Share prices of the nation’s biggest solar-cell makers, Neo Solar Power Corp (新日光) and Motech Industries Inc (茂迪), plunged yesterday after Taiwan and China were targeted by new anti-dumping and anti-subsidy cases filed by SolarWorld AG in the US.
SolarWorld on Tuesday filed the cases with the US International Trade Commission and US Department of Commerce, requesting that they close a loophole in trade remedies issued more than a year ago.
The loophole enabled Chinese producers to circumvent duties averaging 31 percent by assembling modules from cells manufactured in third countries, SolarWorld said in a statement.
Motech shares fell 4.42 percent to NT$58.4 yesterday, ending their longest-winning streak since May last year.
Neo Solar shares fell 1.7 percent to NT$43.3.
IMPACT NOT IMMEDIATE
Sean Kao (高鴻翔), who tracks the solar industry for researcher Market Intelligence and Consulting Institute (MIC, 資策會), said the impact of the US case would not be immediate as there were mixed voices in the US about whether to increase punishment for China over the SolarWorld suit.
“It will take at least three to nine months to complete the investigation,” Kao said. “Taiwanese solar cell makers will suffer significant and adverse impact, if they are found violating the [US] anti-trust law, or receiving subsidies from the government.”
Chinese solar module makers have been buying solar cells made by Taiwanese firms to evade punitive duties on China-made solar cells imposed by the US since December 2012, he said.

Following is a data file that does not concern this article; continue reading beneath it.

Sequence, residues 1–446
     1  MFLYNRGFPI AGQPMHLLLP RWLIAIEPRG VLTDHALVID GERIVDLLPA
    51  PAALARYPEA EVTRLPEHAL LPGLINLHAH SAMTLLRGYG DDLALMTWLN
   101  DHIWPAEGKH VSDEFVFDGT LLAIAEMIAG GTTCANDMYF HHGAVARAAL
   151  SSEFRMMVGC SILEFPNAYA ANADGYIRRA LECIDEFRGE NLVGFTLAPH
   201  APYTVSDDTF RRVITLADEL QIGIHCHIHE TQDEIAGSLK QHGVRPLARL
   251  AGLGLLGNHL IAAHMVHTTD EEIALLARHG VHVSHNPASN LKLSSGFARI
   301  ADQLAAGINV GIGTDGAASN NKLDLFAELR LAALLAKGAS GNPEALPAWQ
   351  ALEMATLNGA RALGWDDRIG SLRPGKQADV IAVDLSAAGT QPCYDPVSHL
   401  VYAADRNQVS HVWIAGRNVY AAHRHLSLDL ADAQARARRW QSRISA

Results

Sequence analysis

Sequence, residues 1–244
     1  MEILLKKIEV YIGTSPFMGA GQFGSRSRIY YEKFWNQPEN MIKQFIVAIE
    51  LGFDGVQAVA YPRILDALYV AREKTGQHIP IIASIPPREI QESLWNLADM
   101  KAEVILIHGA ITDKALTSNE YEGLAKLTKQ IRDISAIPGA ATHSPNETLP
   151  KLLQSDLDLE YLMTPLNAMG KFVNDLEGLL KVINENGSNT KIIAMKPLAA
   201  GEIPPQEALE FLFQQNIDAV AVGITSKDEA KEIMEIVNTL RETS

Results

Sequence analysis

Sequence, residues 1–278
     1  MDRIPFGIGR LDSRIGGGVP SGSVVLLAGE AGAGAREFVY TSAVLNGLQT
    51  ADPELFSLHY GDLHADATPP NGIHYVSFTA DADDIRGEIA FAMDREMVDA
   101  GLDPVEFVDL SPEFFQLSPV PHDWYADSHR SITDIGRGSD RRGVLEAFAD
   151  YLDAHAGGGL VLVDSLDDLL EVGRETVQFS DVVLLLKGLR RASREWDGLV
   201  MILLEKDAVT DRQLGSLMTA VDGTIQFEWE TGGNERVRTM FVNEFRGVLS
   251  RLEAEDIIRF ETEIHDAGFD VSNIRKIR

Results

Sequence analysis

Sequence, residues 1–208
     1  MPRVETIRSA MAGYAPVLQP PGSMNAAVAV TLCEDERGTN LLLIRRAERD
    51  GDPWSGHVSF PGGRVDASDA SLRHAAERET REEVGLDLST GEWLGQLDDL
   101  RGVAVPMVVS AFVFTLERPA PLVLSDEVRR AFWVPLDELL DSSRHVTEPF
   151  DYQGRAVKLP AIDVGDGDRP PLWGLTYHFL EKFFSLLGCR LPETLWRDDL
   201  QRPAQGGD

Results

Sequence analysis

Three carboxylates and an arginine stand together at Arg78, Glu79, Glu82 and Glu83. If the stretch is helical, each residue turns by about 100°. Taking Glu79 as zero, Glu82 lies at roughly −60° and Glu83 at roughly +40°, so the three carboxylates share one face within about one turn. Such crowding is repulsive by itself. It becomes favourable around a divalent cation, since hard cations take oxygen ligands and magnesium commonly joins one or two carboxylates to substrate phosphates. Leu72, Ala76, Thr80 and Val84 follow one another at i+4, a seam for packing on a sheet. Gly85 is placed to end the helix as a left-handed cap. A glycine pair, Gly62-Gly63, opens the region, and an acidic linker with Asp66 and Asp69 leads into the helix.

During the fourth quarter last year, Taiwanese solar cell makers shipped 34.4 percent of cells they made to China, which re-exported solar modules containing the Taiwanese-made cells to the US, MIC said.
Manufacturers are mulling raising the price of cells in the near term after increasing prices by 0.26 percent this week on the back of strong demand and persistent increases in the cost of raw materials, market researcher TrendForce Corp (集邦科技) said yesterday in a report.
The price of a solar cell rose to US$0.389 per watt this week from last week, TrendForce said.
“Manufacturers are hiking prices slightly to reflect hot demand, which helps boost factory utilization to high levels, and results in raw material prices rising significantly,” analyst Arthur Hsu (胥嘉政) said in the report.
Solar cell makers aim to raise prices by another US$0.4 per watt in the short term, Hsu said.
The price of polysilicon, a key raw material for solar cells, is expected to rise to between US$19 and US$20 per kilogram this month after increasing 7.2 percent since its price started to rise in July last year, TrendForce said.
Meanwhile, the price of solar wafers would rise to between US$0.98 and US$1.02 per unit this month, it said.